The Navy will soon require sailors plank hard to prove their mettle

Health & Fitness

Sailors aboard the Nimitz-class aircraft carrier USS Abraham Lincoln (CVN 72) perform "planks" during command physical training July 17, 2015, at Huntington Hall field.

(U.S. Navy/Mass Communication Specialist 3rd Class Ciarra C. Thibodeaux)

Yarrrrrrr, get ready to walk the plank, maties! Or, at least, hold yourself prone on your elbows for an extended period of time!

The Navy plans on adding a plank event to the service's physical readiness test in 2020, replacing sit-ups that are shown to "do more harm than good," Chief of Naval Operations Adm. John Richardson announced on Thursday.


Richardson revealed the details of the upcoming PRT changes in a post-exercise video shot with the crew of Arleigh Burke-class guided missile destroyer USS John Paul Jones at Joint Base Pearl Harbor-Hickam in Hawaii:

In addition to ditching sit-ups, commands that have rowing machines are planning on adding a rowing event for cardio, Richardson said, adding that "you can choose to get onto a rowing machine to do your cardio if that's what you prefer to do."

As Military.com notes, the Navy is following in the footsteps of the Marine Corp, which last year offered a 5,000-meter rowing test for those who opt out of a full run due to medical conditions.

But while Richardson stated that the changes came a result of fleet-wide feedback, it's worth noting that the adjustments come following the deaths of two recruits during fitness-related tests in as many months.

In late February, Seaman Recruit Kierra Evans was pronounced dead after after she collapsed following physical training event at her sixth week of basic training at Recruit Training Command Great Lakes in Illinois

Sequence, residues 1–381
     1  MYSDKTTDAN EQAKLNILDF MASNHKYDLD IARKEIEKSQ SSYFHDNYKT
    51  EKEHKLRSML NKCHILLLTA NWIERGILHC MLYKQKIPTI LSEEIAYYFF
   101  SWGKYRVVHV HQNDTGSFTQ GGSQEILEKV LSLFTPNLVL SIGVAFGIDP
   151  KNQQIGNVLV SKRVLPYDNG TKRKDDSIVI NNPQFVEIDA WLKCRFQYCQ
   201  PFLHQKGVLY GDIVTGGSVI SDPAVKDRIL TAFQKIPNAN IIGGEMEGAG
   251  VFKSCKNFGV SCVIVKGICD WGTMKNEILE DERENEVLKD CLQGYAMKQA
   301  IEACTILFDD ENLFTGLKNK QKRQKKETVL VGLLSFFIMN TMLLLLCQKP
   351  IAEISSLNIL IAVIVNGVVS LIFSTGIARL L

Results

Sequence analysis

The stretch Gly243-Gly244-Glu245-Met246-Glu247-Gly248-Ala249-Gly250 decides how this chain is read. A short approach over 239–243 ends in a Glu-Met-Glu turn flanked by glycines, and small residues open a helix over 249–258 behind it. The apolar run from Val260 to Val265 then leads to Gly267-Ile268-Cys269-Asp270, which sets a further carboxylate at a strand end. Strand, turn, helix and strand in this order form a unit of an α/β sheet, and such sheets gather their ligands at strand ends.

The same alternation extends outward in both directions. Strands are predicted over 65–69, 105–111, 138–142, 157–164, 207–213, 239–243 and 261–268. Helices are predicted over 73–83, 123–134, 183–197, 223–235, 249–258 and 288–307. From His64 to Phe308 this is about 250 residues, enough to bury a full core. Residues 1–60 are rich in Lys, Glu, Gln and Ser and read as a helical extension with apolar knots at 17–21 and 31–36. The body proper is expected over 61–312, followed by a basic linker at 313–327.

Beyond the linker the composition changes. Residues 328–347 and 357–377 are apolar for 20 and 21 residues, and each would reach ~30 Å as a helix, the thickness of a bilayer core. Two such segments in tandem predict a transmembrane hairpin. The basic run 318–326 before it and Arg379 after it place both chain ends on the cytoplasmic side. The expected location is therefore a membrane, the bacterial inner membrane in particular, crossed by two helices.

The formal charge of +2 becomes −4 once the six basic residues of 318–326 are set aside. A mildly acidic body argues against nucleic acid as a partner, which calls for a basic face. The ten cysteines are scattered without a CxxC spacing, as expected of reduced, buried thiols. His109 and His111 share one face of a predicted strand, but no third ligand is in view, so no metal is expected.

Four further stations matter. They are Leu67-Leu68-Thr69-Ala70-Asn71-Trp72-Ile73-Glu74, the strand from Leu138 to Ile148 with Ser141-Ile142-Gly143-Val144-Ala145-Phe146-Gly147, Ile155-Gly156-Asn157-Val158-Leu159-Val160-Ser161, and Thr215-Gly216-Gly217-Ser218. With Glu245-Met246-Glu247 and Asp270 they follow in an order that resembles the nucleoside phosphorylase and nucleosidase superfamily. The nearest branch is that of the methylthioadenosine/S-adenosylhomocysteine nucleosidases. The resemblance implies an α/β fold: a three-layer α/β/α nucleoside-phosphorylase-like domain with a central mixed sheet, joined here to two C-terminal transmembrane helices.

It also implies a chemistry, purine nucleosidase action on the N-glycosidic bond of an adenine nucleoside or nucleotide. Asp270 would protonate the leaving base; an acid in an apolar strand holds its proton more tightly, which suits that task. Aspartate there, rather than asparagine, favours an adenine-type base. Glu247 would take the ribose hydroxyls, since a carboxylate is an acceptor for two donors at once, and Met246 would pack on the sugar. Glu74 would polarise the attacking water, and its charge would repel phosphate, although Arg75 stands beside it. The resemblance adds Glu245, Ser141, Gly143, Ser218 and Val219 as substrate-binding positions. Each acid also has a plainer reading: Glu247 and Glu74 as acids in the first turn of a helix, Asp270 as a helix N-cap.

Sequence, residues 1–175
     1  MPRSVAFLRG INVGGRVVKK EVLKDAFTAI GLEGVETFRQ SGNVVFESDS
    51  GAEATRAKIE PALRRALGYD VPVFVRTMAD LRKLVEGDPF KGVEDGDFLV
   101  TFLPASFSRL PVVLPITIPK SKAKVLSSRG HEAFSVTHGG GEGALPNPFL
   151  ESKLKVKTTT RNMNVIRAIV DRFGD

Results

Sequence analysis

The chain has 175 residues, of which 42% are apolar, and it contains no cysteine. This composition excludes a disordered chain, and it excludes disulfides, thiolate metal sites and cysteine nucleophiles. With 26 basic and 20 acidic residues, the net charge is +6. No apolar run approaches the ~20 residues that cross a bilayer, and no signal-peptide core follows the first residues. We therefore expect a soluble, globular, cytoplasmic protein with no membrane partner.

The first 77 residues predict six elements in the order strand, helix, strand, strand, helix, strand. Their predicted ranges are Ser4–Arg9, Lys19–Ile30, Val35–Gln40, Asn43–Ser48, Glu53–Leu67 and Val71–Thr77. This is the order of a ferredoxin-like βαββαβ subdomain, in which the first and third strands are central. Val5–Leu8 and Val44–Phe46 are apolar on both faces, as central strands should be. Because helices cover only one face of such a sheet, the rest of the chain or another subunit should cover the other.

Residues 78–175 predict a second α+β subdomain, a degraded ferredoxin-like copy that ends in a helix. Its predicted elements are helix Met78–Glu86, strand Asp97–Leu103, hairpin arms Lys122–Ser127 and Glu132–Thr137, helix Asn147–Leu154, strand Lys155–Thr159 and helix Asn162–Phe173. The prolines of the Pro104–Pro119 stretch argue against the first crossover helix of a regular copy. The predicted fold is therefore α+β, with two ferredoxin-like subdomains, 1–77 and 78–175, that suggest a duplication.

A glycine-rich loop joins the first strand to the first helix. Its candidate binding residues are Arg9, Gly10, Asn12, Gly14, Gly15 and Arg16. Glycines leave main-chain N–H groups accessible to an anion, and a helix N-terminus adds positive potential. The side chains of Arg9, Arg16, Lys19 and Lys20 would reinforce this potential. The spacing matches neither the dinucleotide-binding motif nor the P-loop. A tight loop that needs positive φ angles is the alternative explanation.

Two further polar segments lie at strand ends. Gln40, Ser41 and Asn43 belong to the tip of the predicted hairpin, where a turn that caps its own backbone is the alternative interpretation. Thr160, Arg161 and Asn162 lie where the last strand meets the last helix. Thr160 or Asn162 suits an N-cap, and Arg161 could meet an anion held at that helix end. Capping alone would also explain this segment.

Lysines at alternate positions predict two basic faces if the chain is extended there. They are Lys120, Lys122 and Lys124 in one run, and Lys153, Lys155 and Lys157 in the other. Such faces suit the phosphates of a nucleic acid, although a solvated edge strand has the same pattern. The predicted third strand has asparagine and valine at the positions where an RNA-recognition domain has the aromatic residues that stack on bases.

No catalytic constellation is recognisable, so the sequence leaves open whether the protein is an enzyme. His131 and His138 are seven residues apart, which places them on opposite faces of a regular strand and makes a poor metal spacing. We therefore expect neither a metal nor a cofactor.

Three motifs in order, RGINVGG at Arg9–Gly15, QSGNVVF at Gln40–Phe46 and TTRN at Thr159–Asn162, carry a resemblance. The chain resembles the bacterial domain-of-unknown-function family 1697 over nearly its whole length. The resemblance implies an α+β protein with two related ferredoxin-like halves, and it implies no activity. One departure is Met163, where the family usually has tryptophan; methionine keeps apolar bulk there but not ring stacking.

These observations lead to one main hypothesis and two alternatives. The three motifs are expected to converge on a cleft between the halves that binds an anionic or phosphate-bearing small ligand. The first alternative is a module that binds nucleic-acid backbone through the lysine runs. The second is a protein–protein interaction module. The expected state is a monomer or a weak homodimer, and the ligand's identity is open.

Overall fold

The following April, Seaman Recruit Kelsey Nobles was pronounced dead at a nearby hospital went into cardiac arrest following the completion of a fitness test at the same base.

The Navy launched a review to evaluate training and safety procedures in the aftermath of the two incidents.

"If information is discovered during the course of the investigation revealing deficiencies in our processes and procedures that could improve safety in training, it would be acted on." Lt. Joseph Pfaff, a spokesman for Recruit Training Command, said in a statement at the time.

Pfaff could not immediately be reached for comment on whether the changes announced Thursday were in response to that review.

SEE ALSO: This New Navy Recruiting Video Is Basically Just A Tribute To Miniguns

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Guided-missile destroyer USS Stethem (DDG 63) Sailors participate in a memorial for the shipÕs namesake, Robert D. Stethem. Navy diver, Steelworker 2nd Class Robert Stethem, who was returning from an assignment in the Middle East, when he was taken hostage aboard TWA 847 commercial airliner. The flight was hijacked by terrorists, and Stethem was shot to death after being tortured by the terrorists on June 15, 1985. (U.S. Navy photo by Ensign Danny Ewing Jr.)

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